US businesses face ‘uninvestable’ risks in China, Commerce Secretary warns


Raimondo raises concerns over China’s actions against American firms

US Commerce Secretary Gina Raimondo said on Tuesday that she heard from American businesses that China is becoming “uninvestable” due to the Chinese government’s fines, raids and other actions that have made it too risky to do business in the world’s second-largest economy.

Raimondo made the remarks during her visit to China, which was aimed at boosting trade and tourism ties between the two countries amid heightened geopolitical tensions and economic competition. She met with Chinese Vice Premier He Lifeng, who is in charge of economic relations with Washington, and Chinese Premier Li Qiang, the No. 2 leader of the Communist Party.

Raimondo said she raised the challenges faced by American firms in China, including “exorbitant fines without any explanation, revisions to the counterespionage law, which are unclear and sending shockwaves through the US community; raids on businesses – a whole new level of challenge and we need that to be addressed.”

She cited the example of China’s move to restrict imports from chipmaker Micron Technology in May, saying there was “no rationale given” by the Chinese government for the move. She also defended the US export controls on sensitive technologies that could be used for military or human rights purposes by China, saying they were necessary for national security and had “limited due process”.

He Lifeng expresses willingness to improve cooperation with US

He Lifeng, who heads the National Development and Reform Commission, China’s top economic planning agency, sounded an optimistic note during his meeting with Raimondo. He said he was ready to “make new positive efforts” to deepen consensus and extend cooperation with the US based on their previous “in-depth exchanges” in July with Treasury Secretary Janet Yellen.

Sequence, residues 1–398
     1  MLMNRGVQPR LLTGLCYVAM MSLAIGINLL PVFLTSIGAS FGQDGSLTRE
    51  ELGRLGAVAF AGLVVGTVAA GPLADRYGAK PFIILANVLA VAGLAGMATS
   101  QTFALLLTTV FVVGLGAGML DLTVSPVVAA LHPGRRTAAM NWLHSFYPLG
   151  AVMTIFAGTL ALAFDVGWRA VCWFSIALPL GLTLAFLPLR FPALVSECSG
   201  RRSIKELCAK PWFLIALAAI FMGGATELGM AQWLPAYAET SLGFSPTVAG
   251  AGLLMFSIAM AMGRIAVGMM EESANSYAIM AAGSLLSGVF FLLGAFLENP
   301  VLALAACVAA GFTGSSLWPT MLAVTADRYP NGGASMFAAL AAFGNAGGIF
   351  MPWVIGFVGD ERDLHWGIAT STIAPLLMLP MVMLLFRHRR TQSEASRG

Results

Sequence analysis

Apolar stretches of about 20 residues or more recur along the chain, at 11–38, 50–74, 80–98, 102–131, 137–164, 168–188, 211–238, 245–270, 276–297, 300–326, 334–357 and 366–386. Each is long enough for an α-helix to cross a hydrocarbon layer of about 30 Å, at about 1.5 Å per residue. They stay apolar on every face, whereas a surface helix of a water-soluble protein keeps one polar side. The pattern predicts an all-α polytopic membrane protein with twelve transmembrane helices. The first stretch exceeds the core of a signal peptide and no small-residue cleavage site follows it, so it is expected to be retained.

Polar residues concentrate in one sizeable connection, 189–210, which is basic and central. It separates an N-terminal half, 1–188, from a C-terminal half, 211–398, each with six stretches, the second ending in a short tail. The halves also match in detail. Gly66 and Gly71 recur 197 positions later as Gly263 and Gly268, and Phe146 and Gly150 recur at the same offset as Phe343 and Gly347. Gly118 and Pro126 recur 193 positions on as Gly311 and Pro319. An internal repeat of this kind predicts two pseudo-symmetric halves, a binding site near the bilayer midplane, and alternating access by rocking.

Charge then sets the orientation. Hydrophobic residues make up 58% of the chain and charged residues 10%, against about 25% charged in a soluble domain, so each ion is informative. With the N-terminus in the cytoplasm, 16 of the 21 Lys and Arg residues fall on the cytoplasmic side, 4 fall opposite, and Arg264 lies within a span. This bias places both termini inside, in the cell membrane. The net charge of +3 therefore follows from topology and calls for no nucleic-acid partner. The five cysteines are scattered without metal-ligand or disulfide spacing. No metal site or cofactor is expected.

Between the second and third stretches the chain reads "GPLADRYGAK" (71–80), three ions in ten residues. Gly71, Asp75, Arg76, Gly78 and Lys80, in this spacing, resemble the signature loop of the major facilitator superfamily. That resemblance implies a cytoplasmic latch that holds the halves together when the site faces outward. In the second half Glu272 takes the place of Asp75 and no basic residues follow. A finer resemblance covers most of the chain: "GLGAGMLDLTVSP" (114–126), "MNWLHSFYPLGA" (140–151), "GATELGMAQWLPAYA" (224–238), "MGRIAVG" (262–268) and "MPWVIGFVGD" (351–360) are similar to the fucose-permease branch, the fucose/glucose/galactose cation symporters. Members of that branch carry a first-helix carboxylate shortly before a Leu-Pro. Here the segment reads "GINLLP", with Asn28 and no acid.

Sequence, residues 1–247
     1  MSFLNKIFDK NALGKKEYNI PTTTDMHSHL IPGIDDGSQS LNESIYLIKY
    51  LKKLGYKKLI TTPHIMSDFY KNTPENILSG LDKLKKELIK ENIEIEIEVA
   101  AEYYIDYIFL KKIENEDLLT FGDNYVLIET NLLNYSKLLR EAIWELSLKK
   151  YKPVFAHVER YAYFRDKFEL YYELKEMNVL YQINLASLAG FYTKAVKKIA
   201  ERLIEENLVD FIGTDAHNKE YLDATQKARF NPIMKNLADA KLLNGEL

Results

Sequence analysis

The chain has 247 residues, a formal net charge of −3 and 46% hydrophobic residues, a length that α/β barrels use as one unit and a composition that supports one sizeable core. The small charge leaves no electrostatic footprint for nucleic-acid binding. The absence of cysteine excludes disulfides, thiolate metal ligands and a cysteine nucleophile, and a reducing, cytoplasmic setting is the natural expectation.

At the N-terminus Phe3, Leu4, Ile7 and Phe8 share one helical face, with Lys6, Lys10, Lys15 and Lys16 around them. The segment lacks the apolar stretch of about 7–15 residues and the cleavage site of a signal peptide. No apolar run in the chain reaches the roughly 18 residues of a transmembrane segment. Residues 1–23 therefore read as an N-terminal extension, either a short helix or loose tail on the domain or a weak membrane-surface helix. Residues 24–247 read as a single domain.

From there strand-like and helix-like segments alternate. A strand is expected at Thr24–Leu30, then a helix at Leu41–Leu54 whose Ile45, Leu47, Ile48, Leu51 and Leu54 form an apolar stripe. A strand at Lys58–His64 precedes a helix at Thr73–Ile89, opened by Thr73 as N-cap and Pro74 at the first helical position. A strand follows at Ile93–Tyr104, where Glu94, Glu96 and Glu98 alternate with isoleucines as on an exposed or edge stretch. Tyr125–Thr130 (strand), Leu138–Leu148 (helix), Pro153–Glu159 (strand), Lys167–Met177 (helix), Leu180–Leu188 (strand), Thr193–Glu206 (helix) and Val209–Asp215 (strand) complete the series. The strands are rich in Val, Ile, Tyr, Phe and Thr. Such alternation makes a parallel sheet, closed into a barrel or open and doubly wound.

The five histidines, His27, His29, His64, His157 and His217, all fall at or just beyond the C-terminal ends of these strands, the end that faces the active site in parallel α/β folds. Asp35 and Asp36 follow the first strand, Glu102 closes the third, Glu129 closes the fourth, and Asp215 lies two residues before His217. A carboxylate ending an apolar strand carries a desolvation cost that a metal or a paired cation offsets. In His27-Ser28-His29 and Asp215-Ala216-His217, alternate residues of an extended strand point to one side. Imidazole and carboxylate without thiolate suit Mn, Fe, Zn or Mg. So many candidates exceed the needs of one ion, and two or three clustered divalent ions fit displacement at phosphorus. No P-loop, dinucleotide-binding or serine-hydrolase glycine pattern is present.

US businesses face ‘uninvestable’ risks in China

He said he hoped the two sides could “respect each other’s core interests and major concerns” and “properly handle differences and sensitive issues”. He also said he welcomed more American investment and tourists in China and hoped to expand bilateral trade in goods and services.

The two governments agreed to launch an “information exchange” on US export controls and China’s import restrictions, as well as other commercial disputes. They also agreed to resume talks on a bilateral investment treaty that has been stalled since 2017.

China tries to revive investor confidence amid regulatory crackdown

China has been facing a backlash from foreign investors and companies after launching a series of regulatory crackdowns on various sectors, including technology, education, entertainment, gaming and property. The moves have wiped out billions of dollars in market value and raised concerns over the unpredictability and arbitrariness of China’s policies.

China’s President Xi Jinping has said the crackdowns are part of his vision to achieve “common prosperity” and social stability in the country. He has also vowed to pursue “self-reliance” in key technologies and industries amid growing pressure from the US and its allies.

However, some analysts have warned that China’s actions could hurt its own economic growth and innovation potential, as well as alienate foreign partners and customers. They have urged China to adopt a more transparent and consistent approach to regulation and market opening.

Raimondo’s visit to China was the latest in a series of high-level contacts between the two countries since President Joe Biden took office in January. The two sides have expressed their willingness to cooperate on areas of mutual interest, such as climate change, trade and COVID-19, while managing their differences on issues such as human rights, Taiwan and cybersecurity.


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